A better name might be the “Stanford Model,” but I am trying to tie this work in with the co-author Peter Liu (of Google Brain) 2016 post titled “Text summarization with TensorFlow” on the Google Research Blog.

In their blog post, Peter Liu, et al. at Google Brain introduce a TensorFlow model that directly applies the Encoder-Decoder model used for machine translation to generating summaries of short sentences for the Gigaword dataset. They claim better than state-of-the-art results for the model, although no formal write-up of the results is presented beyond a text document provided with the code.

In their paper, Abigail See, et al. describe two main shortcomings of the deep learning approaches to abstractive text summarization: they produce factual errors and they repeat themselves.

Though these systems are promising, they exhibit undesirable behavior such as inaccurately reproducing factual details, an inability to deal with out-of-vocabulary (OOV) words, and repeating themselves

Their approach is designed for summarizing multiple sentences rather than single-sentence summarization and is applied to the CNN/Daily Mail dataset used to demonstrate the IBM model. Articles in this dataset are comprised of approximately 39 sentences on average.

A baseline Encoder-Decoder model is used with a word embedding, bidirectional LSTMs for input, and attention. An extension is explored that uses pointing to words in the input data to address out of vocabulary words, similar to the approach used in the IBM model. Finally, a coverage mechanism is used to help reduce repetition in the output.

Pointer-generator model for Text Summarization

Pointer-generator model for Text Summarization
Taken from “Get To The Point: Summarization with Pointer-Generator Networks.”

Results are reported using ROUGE and METEOR scores, showing state-of-the-art performance compared to other abstractive methods and scores that challenge extractive models.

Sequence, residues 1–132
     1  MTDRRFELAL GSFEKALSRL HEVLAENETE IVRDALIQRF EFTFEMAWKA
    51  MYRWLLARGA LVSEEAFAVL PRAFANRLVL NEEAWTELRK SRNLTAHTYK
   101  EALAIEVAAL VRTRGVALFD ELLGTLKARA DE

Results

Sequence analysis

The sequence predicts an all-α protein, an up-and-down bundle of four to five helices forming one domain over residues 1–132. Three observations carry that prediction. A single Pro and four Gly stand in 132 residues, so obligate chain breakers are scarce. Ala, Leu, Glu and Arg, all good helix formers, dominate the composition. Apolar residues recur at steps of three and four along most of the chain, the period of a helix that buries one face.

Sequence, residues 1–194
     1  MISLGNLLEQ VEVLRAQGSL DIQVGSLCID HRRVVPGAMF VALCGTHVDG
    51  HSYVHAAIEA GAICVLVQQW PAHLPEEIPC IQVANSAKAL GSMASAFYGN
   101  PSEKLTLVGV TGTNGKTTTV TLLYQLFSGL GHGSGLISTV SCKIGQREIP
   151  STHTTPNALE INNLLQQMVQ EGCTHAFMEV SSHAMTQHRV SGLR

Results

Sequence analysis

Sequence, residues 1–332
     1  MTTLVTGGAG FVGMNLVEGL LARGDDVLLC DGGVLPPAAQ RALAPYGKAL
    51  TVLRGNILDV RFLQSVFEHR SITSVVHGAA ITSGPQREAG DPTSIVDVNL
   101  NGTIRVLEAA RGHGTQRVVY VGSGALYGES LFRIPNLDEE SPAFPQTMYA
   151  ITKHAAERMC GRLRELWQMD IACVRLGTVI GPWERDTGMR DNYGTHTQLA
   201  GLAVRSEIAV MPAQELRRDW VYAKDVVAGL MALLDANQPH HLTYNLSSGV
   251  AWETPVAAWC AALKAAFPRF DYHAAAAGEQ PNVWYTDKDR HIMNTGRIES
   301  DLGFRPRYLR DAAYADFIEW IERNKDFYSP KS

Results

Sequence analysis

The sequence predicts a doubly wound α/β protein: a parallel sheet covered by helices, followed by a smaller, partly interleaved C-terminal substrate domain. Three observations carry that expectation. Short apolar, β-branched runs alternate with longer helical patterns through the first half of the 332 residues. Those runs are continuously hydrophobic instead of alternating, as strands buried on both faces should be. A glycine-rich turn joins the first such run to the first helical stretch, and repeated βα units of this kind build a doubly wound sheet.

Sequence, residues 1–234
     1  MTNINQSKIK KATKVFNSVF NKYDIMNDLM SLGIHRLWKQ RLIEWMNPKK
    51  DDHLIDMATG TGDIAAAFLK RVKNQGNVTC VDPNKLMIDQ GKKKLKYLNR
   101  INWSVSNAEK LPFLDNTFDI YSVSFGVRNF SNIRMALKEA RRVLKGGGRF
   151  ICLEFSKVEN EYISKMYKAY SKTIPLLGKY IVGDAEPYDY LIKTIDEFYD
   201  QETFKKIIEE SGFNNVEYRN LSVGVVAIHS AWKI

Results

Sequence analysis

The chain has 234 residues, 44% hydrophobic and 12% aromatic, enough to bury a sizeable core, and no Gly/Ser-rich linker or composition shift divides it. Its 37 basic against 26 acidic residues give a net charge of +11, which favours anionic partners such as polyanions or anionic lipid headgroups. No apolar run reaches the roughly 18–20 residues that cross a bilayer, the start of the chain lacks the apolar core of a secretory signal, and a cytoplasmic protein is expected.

Our pointer-generator model with coverage improves the ROUGE and METEOR scores further, convincingly surpassing the best [compared] abstractive model …

Results do show that the baseline seq-to-seq model (Encoder-Decoder with attention) can be used but does not produce competitive results, showing the benefit of their extensions to the approach.

We find that both our baseline models perform poorly with respect to ROUGE and METEOR, and in fact the larger vocabulary size (150k) does not seem to help. … Factual details are frequently reproduced incorrectly, often replacing an uncommon (but in-vocabulary) word with a more common alternative.

Further Reading

This section provides more resources on the topic if you are looking go deeper.

Summary

In this post, you discovered deep learning models for text summarization.

Specifically, you learned:

  • The Facebook AI Research model that uses Encoder-Decoder model with a convolutional neural network encoder.
  • The IBM Watson model that uses the Encoder-Decoder model with pointing and hierarchical attention.
  • The Stanford / Google model that uses the Encoder-Decoder model with pointing and coverage.

Do you have any questions?
Ask your questions in the comments below and I will do my best to answer.